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DOMA ruling has significant tax implications, say LGBT specialists from Marcum

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The leaders of the lesbian, gay, bisexual and transgender (LGBT) practice group of Marcum, a US-based accounting and advisory firm, say there are significant tax implications from the decision by the US Supreme Court overturning the Defense of Marriage Act (DOMA).

 
By voiding the federal definition of marriage as being exclusively between a man and a woman, the Court enables legally married same-sex couples to receive the same tax treatment as heterosexual married couples under federal law.
 
“With the overturning of the Defense of Marriage Act (DOMA) by the US Supreme Court today, same-sex couples who were legally married in the 12 states that recognise their marriages, plus the District of Columbia, can now take advantage of the more than 1,100 federal benefits that heterosexual married couples have been entitled to. This includes joint federal tax returns, unlimited federal and state tax marital deductions, stretch rollovers for retirement plan distributions, social security benefits, portability of the unified credit and access to immigration laws pertaining to residency for a spouse. There is an opportunity to file amended individual income tax returns for same-sex married couples for any open statute years, normally three years from the filing date,” says Nanette Lee Miller (pictured), national leader of Marcum’s LGBT practice and West Coast partner-in-charge of assurance services.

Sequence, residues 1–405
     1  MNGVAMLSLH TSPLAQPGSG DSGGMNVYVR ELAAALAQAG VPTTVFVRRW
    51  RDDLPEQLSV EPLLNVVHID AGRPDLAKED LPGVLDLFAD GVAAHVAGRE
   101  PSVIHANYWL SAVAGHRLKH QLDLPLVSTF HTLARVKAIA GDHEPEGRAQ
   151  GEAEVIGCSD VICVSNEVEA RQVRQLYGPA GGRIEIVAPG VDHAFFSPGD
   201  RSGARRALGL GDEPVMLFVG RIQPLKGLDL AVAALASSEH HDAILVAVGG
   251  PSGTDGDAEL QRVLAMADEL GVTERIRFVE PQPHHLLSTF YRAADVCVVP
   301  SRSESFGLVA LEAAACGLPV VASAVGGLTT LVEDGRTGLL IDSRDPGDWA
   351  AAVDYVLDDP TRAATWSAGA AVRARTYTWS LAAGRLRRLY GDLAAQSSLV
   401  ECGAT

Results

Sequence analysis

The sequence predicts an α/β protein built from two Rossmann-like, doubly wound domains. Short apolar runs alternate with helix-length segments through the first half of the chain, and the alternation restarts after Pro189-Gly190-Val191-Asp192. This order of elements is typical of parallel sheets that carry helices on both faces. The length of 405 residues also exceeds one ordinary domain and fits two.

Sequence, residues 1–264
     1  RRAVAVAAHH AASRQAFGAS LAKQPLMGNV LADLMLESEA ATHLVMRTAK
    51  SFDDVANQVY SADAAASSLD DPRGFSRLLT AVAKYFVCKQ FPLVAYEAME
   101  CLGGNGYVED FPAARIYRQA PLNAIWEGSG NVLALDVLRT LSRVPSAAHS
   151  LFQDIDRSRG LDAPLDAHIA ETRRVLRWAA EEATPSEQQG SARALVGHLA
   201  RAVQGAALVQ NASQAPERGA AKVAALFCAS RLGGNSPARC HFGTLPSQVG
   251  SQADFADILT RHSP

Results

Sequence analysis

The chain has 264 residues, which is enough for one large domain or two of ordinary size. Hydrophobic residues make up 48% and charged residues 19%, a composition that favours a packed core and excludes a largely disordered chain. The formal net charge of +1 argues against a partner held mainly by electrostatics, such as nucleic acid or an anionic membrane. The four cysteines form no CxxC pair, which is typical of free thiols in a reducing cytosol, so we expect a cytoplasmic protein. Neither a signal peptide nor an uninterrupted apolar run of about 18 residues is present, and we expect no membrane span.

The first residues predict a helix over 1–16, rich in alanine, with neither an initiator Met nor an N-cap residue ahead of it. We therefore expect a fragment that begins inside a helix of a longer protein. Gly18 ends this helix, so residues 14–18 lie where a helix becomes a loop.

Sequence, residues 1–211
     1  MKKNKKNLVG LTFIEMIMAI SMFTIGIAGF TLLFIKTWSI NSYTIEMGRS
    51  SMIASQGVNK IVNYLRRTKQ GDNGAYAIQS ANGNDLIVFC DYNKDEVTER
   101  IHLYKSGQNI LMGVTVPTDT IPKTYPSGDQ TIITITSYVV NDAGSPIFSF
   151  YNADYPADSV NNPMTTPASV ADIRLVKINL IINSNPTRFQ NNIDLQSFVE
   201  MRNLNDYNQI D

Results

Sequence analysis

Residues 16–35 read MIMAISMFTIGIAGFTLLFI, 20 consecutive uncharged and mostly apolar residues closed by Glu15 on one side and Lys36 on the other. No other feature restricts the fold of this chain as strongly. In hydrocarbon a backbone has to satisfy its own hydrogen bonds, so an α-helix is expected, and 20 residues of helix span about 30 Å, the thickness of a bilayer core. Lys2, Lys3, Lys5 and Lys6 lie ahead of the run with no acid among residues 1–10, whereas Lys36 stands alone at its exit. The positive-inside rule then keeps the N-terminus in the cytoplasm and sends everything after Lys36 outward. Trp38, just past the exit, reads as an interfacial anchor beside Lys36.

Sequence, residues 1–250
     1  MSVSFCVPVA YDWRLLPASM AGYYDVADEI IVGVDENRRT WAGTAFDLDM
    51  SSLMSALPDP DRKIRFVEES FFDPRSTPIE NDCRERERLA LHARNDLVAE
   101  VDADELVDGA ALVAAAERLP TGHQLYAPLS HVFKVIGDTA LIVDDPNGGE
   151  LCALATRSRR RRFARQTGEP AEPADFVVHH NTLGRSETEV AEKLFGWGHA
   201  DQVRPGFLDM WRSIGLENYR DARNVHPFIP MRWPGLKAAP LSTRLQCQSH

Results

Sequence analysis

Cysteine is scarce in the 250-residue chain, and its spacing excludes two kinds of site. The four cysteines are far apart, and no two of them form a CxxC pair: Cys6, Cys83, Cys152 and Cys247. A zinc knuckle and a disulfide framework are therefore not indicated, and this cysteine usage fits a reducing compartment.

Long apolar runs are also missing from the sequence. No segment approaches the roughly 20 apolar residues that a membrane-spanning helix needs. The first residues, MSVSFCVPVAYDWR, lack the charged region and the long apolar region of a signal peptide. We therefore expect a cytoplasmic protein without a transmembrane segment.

“Estate tax returns may also be open to amendment. This is a huge planning opportunity, as most estate plans for same-sex married couples will need to be amended to take federal changes into account. It is also essential that wills, healthcare proxies, living wills and disposition of remains documents be reviewed and amended, as appropriate,” says Janis Cowhey McDonagh, a Marcum trusts and estates tax partner and East Coast leader of the firm’s LGBT practice.
 
“DOMA levels the playing field for same-sex married couples from a federal standpoint, but there are still 50 states with 50 different tax scenarios, so it is important for same-sex married couples to consult their tax advisers about the specifics of their personal situations,” Miller says.

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